While Major League Baseball continues to hum along in the middle of its season, college baseball is reaching its apex in Omaha. With college baseball on the brain, here are rankings for some of the most successful college baseball careers from the current White Sox roster.
(NOTE: This ranking only applies to players from Division I colleges. For example, Tim Anderson does not appear because he went to a community college.)
6. Gavin Sheets, Wake Forest (2015-2017)
Sheets contributed three solid years to the Demon Deacons program, finding his stride in year two after missing time during his freshman year with an oblique injury. His sophomore season in 2016 was good enough for All-ACC honors, as he started 60 games and finished with a .326 batting average and nine home runs. He also recorded a 22-game hit streak, good for the fourth-longest in Wake Forest history.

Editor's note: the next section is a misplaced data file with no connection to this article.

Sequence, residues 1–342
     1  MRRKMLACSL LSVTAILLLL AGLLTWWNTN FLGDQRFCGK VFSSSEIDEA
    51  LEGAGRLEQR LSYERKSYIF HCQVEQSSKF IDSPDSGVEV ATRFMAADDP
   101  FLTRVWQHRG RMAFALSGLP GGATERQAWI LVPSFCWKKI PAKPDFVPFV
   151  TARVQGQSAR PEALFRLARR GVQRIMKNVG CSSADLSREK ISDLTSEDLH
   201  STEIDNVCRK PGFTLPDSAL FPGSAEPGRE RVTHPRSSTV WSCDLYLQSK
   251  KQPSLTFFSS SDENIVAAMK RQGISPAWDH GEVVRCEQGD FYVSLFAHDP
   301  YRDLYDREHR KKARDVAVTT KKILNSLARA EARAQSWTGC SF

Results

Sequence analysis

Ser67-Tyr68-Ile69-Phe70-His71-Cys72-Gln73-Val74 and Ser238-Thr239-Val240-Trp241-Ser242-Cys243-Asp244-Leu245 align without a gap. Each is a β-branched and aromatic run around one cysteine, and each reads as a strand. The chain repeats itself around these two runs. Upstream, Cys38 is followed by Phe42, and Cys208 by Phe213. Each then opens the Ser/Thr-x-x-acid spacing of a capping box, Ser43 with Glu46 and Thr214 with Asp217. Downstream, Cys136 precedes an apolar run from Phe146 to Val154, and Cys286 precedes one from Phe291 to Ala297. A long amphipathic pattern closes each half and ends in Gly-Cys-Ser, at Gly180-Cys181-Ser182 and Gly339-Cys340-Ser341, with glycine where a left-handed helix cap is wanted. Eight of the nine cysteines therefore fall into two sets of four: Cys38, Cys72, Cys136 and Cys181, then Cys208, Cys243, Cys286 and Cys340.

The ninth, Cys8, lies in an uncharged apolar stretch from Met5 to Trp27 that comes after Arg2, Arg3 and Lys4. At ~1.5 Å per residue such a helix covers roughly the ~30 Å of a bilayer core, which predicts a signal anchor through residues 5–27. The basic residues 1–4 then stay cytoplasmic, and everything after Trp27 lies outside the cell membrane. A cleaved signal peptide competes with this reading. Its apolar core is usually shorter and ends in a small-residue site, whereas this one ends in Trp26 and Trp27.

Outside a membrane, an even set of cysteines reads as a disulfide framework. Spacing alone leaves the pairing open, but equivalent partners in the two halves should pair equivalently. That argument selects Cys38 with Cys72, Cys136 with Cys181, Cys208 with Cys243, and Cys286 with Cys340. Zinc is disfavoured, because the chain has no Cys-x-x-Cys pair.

While 2015 was good and 2016 was better, Sheets’ final season in 2017 was his strongest. He started at first base in all 63 games. While his average stayed about the same at .317, he more than doubled his home run count from the previous season, mashing 21. Even more impressive were his 84 RBIs. These stats were good enough to be named a second-team All-American by ABCA.
Sheets helped lead Wake Forest to only their second regional title in school history, and the Demon Deacons came up one game short from reaching Omaha, losing to Florida in game three of the Super Regionals.
5. Lance Lynn, Ole Miss (2006-2008)
Lynn was a dominant starting pitcher for Ole Miss during his three-year career. His first and third years were solid, as he pitched at least 80 innings and had an ERA in the fours. However, his second year as a Rebel, 2007, was a year of true dominance.
In 2007, Lynn set the Ole Miss single season and career records for strikeouts, 146 and 332 respectively. He posted a 2.85 ERA over 123.1 IP. This performance earned him second-team All-SEC honors.
Ole Miss found postseason success in Lynn’s three years. They won their regional in 2006 and 2007 and lost in the regional final in 2008. In his dominant 2007 season, Lynn threw a complete game two-hit shutout in the regional semifinal.
4. Jake Burger, Missouri State (2015-2017)